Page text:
True Detective is back – but back where? The enthralling first series of this HBO drama, written by Nic Pizzolatto, directed by Cary Fukunaga and starring Matthew McConaughey and Woody Harrelson as a deliciously mismatched pair of cops, slouched across the badlands of Louisiana like something escaped from a swamp. Its potent, pungent story of myth and murder unspooled against a backdrop of gnarled mangroves, rotting clapboard churches and sweaty flophouses. And, at least until a misfiring finale, it did almost everything right, earning a devoted audience, rave reviews and a clutch of awards.
Series 2, once again written by Pizzolatto (who has no truck with the "writers' room" screenwriting-by-committee method employed by almost every other contemporary American drama), dispenses with the entire cast of the first series. It also shucks off its director – for the opening episodes of the new series we're in the hands of Justin “Fast and Furious” Lin – and, perhaps most significantly of all, its setting.
It feels like a breathtakingly reckless, borderline hubristic, gamble on the part of Pizzolatto; not least because while he supplied the words for series one, it was just as often Fukunaga's virtuosic direction that really did the talking. But, judging by this dark, demanding, opening episode – the complicated pleasure of which is only occasionally undercut by heavy-handed exposition, the sound of a juggernaut crunching through the gears as it shifts into motion – he might just pull it off.
The episode began at dawn in Vinci, a smog-choked, freeway-threaded industrial backwater (motto: "Towards tomorrow") within spitting distance of both the ocean and downtown Los Angeles, yet lacking the glitter of either. "Is this the most corrupt district in LA County?" screamed a headline in the local paper. One look at Vinci's mayor – the drunken, moustachioed personification of seediness – seemed to answer that question. If this is where the City of Angels does its dirty laundry, somebody forgot to bring the soap. It is also, as one character puts it, a place "built on a co-dependency of interests", which is to say that if any character remains entirely free of the taint of corruption, we haven't yet made their acquaintance.
Vince Vaughn, the genial grin deployed in a decade's worth of mainstream comedies wiped from his face, played Vinci's disreputable casino owner. The driving force behind plans to build a $68 billion high speed railway through the heart of Vinci, he is the kind of man who stands in the bathroom of his exquisite modernist house practising expressions in the mirror in search of one that suggests even a modicum of decency. All baggy eyes and slumped shoulders, Vaughn brought plenty of bulk to the role but perhaps not yet quite enough weight. I wasn't convinced his hollowness was entirely intended.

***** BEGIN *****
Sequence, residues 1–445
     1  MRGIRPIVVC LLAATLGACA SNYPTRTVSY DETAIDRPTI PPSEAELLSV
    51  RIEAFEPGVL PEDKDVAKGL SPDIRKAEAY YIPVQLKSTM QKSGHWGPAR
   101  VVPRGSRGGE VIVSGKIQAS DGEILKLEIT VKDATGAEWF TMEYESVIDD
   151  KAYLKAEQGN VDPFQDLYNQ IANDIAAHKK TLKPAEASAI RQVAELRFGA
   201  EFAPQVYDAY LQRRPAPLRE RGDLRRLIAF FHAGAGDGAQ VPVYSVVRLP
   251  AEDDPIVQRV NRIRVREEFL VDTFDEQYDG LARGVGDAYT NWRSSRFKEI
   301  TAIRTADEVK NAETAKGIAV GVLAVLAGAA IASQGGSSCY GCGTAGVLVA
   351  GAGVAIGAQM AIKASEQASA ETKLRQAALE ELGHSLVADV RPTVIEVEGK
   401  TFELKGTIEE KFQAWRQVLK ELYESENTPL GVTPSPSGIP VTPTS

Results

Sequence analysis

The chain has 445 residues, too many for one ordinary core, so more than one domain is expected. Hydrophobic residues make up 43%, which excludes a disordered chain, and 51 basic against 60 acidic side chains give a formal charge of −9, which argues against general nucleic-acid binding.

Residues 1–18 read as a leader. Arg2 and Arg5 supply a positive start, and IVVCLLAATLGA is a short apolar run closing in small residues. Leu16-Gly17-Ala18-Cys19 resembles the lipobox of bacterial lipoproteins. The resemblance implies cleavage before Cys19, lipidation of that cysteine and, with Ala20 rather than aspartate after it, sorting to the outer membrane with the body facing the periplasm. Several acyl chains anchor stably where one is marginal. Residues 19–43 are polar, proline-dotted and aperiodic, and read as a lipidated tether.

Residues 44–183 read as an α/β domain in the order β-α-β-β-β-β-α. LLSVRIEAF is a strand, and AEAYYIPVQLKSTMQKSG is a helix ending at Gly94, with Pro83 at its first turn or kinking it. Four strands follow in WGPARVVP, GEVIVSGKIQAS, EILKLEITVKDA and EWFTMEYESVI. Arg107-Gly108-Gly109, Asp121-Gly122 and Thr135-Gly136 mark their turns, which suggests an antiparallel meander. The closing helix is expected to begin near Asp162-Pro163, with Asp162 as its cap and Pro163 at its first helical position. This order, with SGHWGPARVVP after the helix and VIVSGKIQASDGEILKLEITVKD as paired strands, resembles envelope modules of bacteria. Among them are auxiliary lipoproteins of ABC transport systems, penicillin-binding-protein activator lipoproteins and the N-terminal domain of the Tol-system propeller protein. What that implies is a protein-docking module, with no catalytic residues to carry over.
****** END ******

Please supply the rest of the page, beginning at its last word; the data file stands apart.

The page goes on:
By contrast, Colin Farrell, as burnt out, soul sick cop Ray Velcoro, was magnetic, the nearest we got to an analogue for McConaughey's Rustin Cohle. Like Cohle, Velcoro trails trouble (a broken marriage, a son conceived almost exactly nine months after his wife was raped, the murder of the man Velcoro suspected of being the rapist). But where Cohle espoused poetry and philosophy, Velcoro’s default mode is violence. After we had seen him pulp the father of his son's bullying classmate, and pummel an investigative journalist into silence, it was clear he was capable of anything. I couldn't take my eyes off him.
Taylor Kitsch, playing a highway patrolman and ex-serviceman with unexplained scars and bedroom issues, completed the triumvirate of dead-eyed, damaged men. The closest we came to a good guy was a woman: Rachel McAdams's Antigone (Ani for short) Bezzerides. A detective in the sheriff's office, she keeps a blade in her belt and a knife in her sock, drinks, smokes, studies the way of the samurai, has an intimidating sexual appetite and the kind of backstory – mother committed suicide, father a hippy preacher, sister working in porn - that has left her "angry at the entire world, and men in particular". Is she a rebuke to those commentators who criticised the first series for its lack of strong female characters – or a male character in disguise? Either way, McAdams brings a vividness to the role, her character serving as a much needed flash of energy to offset the others' malaise.
If you hadn't yet guessed the presiding influence over all this, Pizzolatto made it clear in a moment where a mysterious figure drove through the Hollywood hills with a giant crow's head mask on the passenger seat and a dead millionaire, relieved of both eyes and genitalia, slumped in the back. Seen through the windscreen, a sign identified the road as Mulholland Drive. David Lynch, this one's for you.
Whether or not this heady concoction appeals to you will largely depend on your willingness to join Pizzolatto’s cast of broken individuals on the road to hell – wherever all this is headed, there'll be no Hollywood ending – and how you feel about sifting key plot-points from the mumblings of whisky-fuelled men in ill-lit bars. Personally, on the basis of this absorbing opener, I'm all in. Against the odds, Pizzolatto has made a triumphant return. Veni, vidi, Vinci.